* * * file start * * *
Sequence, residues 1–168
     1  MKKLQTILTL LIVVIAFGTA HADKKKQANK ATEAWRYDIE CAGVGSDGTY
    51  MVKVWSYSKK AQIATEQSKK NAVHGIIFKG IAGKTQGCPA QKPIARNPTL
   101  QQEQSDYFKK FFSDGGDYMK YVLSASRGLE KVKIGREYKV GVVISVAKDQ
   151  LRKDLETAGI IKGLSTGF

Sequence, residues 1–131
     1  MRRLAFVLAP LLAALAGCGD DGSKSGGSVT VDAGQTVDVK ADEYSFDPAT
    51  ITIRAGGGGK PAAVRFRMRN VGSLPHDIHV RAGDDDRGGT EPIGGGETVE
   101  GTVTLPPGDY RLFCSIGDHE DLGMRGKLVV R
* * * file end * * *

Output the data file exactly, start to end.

Sequence, residues 1–168
     1  MKKLQTILTL LIVVIAFGTA HADKKKQANK ATEAWRYDIE CAGVGSDGTY
    51  MVKVWSYSKK AQIATEQSKK NAVHGIIFKG IAGKTQGCPA QKPIARNPTL
   101  QQEQSDYFKK FFSDGGDYMK YVLSASRGLE KVKIGREYKV GVVISVAKDQ
   151  LRKDLETAGI IKGLSTGF

Sequence, residues 1–131
     1  MRRLAFVLAP LLAALAGCGD DGSKSGGSVT VDAGQTVDVK ADEYSFDPAT
    51  ITIRAGGGGK PAAVRFRMRN VGSLPHDIHV RAGDDDRGGT EPIGGGETVE
   101  GTVTLPPGDY RLFCSIGDHE DLGMRGKLVV R